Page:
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G. v. The Fay School, Inc.

United States District Court, D. Massachusetts

September 29, 2017

G, a 12-year-old minor suing by a fictitious name for privacy reasons, MOTHER, and FATHER, suing under fictitious names to protect the identity and privacy of G, their minor child, Plaintiffs,
THE FAY SCHOOL, INC. by and through its Board of Trustees and ROBERT J. GUSTAVSON, JR. Defendants.



         Plaintiffs “G, ” a 12-year old minor suing by a fictitious name for privacy reasons, and G's parents brought the present action against defendants The Fay School, Inc. (“Fay School” or “School”) and Robert Gustavson, its Head of School (“Gustavson”) after the Defendants' refused to remove Wi-Fi from his classrooms. Plaintiff G, a former student of the Fay School, alleges that he suffers from Electromagnetic Hypersensitivity Syndrome, and experiences a spectrum of symptoms, including headaches and nosebleeds, because of the Wi-Fi at the School. Plaintiffs claim that the School's refusal to take down the Wi-Fi in G's classrooms, and replace it with Ethernet access, amounts to a failure to make a reasonable accommodation in violation of the Americans with Disabilities Act, 42 U.S.C. §12101 et seq. (“ADA”) (Count I). Plaintiffs also claim that the Fay School retaliated against them in violation of the ADA (Count II), and further assert common law claims for breach of contract (Count III), misrepresentation (Count IV), and negligence (Count V) against the Fay School and Gustavson. Defendants move to exclude several of the Plaintiffs' expert witnesses, and for summary judgment on all Counts. For the reasons set forth below, the Defendants' motion to exclude experts (Docket No. 58) is granted-in-part and denied-in-part, and Defendants' motion for summary judgment (Docket No. 95) is granted-in-part and denied-in-part.


         The Fay School is an independent private school in Southborough, MA, for children in pre-K through 9th grades. Plaintiff G attended the Fay School from September 2009 through January 2016 (midway through his 7th grade year). The Fay School's curriculum is, in large part, delivered electronically, with each student equipped with a laptop that connects to the School's network using Wi-Fi.

         At least as early as October 2012, G's parents came to believe that Wi-Fi was generally harmful, and expressed their concerns to the School and other parents. By May 2014, after discussing the issue with G's parents, the School had decided that there was insufficient evidence to require any mitigation of their Wi-Fi system. Around the same time, G's mother took G to his primary care provider complaining that her son suffered from Wi-Fi-related symptoms, including headaches, nosebleeds, and chest tightness, and subsequently sought the advice of specialists. The parents continued to advocate against Wi-Fi within the School community, to which the School administration objected.

         In November 2014, G's parents formally asserted that G had a disability known as Electromagnetic Hypersensitivity Syndrome (“EHS”), and requested accommodation, including reducing the level of radio frequency emissions (“RF”) at the School. The School verified that it was in compliance with the Federal Communications Commission's Wi-Fi safety limits, but declined to recognize G's EHS, requesting additional medical evidence. The parents and the School continued to dispute the steps necessary to establish the medical evidence needed to support an EHS diagnosis. Plaintiffs filed the present action on August 12, 2015.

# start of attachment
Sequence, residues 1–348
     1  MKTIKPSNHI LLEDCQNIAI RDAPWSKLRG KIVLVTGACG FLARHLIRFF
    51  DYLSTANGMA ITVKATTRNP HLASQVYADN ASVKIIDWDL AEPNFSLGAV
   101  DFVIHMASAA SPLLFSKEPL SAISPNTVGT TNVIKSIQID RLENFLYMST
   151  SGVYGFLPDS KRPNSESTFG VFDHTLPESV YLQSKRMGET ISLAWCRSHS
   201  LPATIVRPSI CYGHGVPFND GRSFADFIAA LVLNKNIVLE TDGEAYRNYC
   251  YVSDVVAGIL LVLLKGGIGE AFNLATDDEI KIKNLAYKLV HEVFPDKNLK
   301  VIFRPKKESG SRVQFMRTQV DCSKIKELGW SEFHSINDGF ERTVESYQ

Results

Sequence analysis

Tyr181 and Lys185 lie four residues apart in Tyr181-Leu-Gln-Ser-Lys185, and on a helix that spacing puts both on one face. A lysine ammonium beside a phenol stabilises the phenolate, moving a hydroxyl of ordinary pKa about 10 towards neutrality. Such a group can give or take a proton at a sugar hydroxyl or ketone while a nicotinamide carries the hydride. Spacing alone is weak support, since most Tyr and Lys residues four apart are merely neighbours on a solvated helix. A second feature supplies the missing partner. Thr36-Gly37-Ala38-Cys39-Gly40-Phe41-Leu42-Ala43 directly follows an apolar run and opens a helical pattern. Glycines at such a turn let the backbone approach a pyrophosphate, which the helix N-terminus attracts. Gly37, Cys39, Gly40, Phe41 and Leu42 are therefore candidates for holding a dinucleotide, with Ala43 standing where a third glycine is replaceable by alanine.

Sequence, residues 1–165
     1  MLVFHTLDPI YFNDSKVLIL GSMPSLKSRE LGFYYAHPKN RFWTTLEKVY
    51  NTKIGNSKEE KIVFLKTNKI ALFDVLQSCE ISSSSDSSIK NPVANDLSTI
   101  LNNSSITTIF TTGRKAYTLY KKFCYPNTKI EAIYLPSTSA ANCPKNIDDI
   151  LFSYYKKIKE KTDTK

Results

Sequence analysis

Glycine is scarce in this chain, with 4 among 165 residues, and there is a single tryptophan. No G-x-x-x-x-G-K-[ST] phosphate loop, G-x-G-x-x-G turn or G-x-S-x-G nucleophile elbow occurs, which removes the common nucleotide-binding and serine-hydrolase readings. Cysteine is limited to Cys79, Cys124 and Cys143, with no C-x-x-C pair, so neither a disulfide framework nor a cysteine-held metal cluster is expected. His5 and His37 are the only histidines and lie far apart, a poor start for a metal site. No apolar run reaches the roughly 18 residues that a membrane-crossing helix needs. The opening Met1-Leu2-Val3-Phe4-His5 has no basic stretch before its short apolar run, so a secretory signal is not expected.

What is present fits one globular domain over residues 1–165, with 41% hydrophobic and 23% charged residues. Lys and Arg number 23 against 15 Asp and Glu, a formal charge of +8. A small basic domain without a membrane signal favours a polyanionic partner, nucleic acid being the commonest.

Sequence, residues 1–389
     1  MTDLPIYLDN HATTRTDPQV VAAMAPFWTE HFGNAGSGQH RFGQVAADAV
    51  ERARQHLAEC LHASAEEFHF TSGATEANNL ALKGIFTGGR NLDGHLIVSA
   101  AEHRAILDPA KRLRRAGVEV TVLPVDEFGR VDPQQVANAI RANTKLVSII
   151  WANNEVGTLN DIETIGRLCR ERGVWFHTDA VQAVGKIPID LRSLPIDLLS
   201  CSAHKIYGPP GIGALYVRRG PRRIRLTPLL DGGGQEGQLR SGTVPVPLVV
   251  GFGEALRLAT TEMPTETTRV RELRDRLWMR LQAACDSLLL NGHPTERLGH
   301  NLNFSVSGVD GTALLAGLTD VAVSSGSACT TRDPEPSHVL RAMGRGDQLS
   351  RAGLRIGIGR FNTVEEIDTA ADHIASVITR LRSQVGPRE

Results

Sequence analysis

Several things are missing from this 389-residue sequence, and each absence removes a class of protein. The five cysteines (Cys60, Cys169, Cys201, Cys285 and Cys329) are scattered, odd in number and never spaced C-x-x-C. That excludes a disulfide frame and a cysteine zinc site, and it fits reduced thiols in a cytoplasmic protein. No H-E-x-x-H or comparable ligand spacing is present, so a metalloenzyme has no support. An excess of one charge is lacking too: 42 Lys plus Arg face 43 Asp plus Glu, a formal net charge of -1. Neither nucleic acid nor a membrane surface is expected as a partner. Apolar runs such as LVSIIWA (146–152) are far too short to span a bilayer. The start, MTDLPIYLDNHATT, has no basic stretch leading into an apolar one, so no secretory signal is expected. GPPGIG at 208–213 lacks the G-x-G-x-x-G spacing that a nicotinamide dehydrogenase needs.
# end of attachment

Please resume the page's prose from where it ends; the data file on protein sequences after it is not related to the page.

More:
From mid-2015, G's parents and the School participated in negotiation concerning mitigation of G's Wi-Fi exposure. In an attempt to mitigate G's Wi-Fi exposure, the School arranged for G to access curriculum using an Ethernet cable, and have at least an 8 ft. separation from Wi-Fi emission sources, principally other laptops in the classroom. In November 2015, G's parents advised that G continued to suffer symptoms, despite the reductions in his Wi-Fi exposure achieved by the mitigations, and demanded further accommodation.

         G took leave from the School on December 1, 2015, and on December 18, 2015, the parents requested that the School provide only wired connections to all students in G's classrooms, or provide G with a Wi-Fi-free classroom, and rotate G's classes into that room. The School formally declined this request as impractical on January 4, 2016. G's parents withdrew him from the School on January 13, 2016.

         The Plaintiffs noted several sequelae to their dispute with the School that they have alleged were retaliatory. During G's Fall 2015 medical leave (due to headaches), the School declined to allow G's classes to be recorded, or for him to listen to classes remotely. The Fay School also declined to allow G to participate in school athletics during the period that he was on leave, studying away from the School. The School omitted G's brother's name from the written program of an 8th grade graduation dinner, and did not recognize him by name at the dinner, causing distress to the child. When it emerged that G had been carrying a dosimeter at the School to measure RF emissions, the School threatened to expel him on the grounds that carrying the device breached the terms of the Fay School student handbook (“Handbook”). In discovery, it emerged that some of the Fay School staff derided the parents' claims concerning Wi-Fi, and suggested that the school ignore or otherwise frustrate their claims. For example,, a member of the Fay School staff sent an email to teachers entitled “Rabbit Ears and Aluminum Foil, ” that instructed teachers not to respond to emails from G's mother about Wi-Fi issues. In a reply email, one of the teachers wrote back, “Blahahahahahahahaha!” Docket No. 62-7. The President of Fay's Board of Trustees sent an email to other Trustees accusing G's parents of harassment, and claiming that G's mother misrepresented herself, a claim that G's parents have suggested the Headmaster knew to be false but failed to correct. The Plaintiffs assert that, as a result of such misrepresentations, the Parents' Association removed G's mother from her long-standing committee service.